Reilly accuses tobacco firms of targeting young people

Health Minister James Reilly has accused tobacco companies of “targeting” the young in a bid to get teenagers to take up smoking.

Outlining planned health reforms, he also pledged that Ireland could have one of the best health services in the world, but not before 2016. He also said reports that he had forced health insurers to hike up prices for younger consumers following a request from the VHI was “grossly misleading”.

The deputy Fine Gael leader outlined his plans for reform to the audience at the MacGill summer school in Donegal. A small group of pro-life protesters with placards were outside the hall in Glenties, Donegal, as the minister arrived.

He said he wanted a smoke-free Ireland and tobacco firms were preying on young people in a bid to get them to take up smoking.

“All of the evidence suggests if you haven’t smoked by the age of 21 you are very unlikely to start. Tobacco companies know this; that’s why they target our young.”

He said tobacco firms were worried about the use of plain packaging for cigarettes, because “it worked”. The Coalition is examining introducing the measure here.

Dr Reilly said that if the next generation could be protected from smoking, that it would be “gone in another generation’s time”.

He outlined the reorganisation of all of Ireland’s adult public hospitals, saying they would be overseen in six groups and over time become self-governing trusts.

“It will be the biggest change in how our hospitals are managed since the foundation of the State.”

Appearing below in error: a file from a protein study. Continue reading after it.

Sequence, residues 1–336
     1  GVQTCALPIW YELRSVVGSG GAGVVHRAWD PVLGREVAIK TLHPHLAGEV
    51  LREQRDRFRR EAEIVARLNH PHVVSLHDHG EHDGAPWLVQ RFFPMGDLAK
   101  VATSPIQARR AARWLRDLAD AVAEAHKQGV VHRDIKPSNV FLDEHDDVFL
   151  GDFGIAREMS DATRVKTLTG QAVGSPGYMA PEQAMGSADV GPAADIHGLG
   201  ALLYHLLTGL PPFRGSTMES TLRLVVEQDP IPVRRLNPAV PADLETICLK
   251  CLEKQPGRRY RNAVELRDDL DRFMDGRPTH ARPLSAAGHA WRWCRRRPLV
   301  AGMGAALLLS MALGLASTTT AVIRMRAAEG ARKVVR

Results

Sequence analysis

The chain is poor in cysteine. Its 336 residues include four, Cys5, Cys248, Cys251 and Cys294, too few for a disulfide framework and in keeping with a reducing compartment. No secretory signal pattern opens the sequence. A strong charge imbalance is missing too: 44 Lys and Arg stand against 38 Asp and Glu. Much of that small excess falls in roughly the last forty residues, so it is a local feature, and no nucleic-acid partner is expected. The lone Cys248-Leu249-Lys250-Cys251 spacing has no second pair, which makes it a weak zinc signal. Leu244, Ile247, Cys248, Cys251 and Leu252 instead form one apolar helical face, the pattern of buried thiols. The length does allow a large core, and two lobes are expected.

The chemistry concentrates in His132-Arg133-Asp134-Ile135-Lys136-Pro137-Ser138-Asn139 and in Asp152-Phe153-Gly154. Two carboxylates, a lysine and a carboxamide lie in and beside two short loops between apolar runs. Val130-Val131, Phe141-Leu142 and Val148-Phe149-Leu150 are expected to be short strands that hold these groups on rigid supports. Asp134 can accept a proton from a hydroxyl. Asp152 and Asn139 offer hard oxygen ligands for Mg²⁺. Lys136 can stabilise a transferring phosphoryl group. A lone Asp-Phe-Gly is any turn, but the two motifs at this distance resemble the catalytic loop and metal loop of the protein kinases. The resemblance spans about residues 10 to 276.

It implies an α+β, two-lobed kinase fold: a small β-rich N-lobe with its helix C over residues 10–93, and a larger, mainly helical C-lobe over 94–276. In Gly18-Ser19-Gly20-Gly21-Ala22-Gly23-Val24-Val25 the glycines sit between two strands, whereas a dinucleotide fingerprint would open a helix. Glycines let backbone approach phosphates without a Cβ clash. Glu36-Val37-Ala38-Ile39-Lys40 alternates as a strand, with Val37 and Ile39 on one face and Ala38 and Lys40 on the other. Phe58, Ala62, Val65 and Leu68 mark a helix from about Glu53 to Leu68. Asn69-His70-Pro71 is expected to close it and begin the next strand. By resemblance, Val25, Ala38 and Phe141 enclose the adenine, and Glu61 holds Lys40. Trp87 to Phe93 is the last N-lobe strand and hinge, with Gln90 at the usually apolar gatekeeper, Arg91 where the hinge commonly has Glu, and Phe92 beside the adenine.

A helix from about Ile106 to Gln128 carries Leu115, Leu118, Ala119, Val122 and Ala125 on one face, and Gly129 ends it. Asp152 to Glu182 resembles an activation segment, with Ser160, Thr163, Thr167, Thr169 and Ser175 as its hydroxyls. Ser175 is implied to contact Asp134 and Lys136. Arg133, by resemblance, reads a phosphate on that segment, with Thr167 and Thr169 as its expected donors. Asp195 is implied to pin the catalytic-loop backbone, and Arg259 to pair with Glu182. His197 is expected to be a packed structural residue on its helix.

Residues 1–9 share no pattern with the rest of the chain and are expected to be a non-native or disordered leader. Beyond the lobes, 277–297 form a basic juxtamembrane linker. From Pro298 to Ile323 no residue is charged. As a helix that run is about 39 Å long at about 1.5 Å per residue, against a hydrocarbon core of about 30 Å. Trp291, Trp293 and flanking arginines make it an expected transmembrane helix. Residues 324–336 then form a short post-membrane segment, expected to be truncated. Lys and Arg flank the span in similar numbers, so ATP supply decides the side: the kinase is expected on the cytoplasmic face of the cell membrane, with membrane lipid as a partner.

He pledged that the health service would publish on the internet individual consultants’ waiting lists, morbidity and mortality figures.

Plans for a new patient safety agency, to start later this year, were also mentioned. This will be proceeded by a special advisory group on safety made up of experts from here and abroad.

Mr Reilly revealed that children in Ireland would be first to get free GP care, hopefully before 2016. “I do not want any parent to be in a position where they have to decide between buying the groceries and bringing their child to the doctor.”

He pledged that Ireland could have one of the best health services in the world, but not before 2016 or the next government.

“Not today maybe. Not by 2016. But certainly in the next term of government and before the 100th anniversary of the foundation of the State.”



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